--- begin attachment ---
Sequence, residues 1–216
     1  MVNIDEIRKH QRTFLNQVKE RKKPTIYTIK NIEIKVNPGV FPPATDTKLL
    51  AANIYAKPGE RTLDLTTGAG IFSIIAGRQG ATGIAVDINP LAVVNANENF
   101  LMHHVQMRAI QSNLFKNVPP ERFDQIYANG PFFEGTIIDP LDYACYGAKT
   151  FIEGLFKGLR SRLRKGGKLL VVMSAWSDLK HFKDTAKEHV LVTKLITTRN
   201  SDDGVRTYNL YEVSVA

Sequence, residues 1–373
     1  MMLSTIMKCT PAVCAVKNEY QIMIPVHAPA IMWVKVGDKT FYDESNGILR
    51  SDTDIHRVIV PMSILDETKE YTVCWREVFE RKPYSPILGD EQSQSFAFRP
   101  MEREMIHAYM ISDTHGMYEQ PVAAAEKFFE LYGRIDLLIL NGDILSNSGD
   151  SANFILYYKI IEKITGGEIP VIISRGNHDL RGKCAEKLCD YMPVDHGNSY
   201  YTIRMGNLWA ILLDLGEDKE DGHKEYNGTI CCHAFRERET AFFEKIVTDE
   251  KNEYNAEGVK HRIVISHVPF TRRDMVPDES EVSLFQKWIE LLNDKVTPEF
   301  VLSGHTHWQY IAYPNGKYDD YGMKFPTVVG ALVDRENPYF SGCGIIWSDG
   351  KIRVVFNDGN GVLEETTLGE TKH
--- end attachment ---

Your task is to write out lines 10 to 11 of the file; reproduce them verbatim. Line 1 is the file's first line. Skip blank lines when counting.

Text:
   101  MEREMIHAYM ISDTHGMYEQ PVAAAEKFFE LYGRIDLLIL NGDILSNSGD
   151  SANFILYYKI IEKITGGEIP VIISRGNHDL RGKCAEKLCD YMPVDHGNSY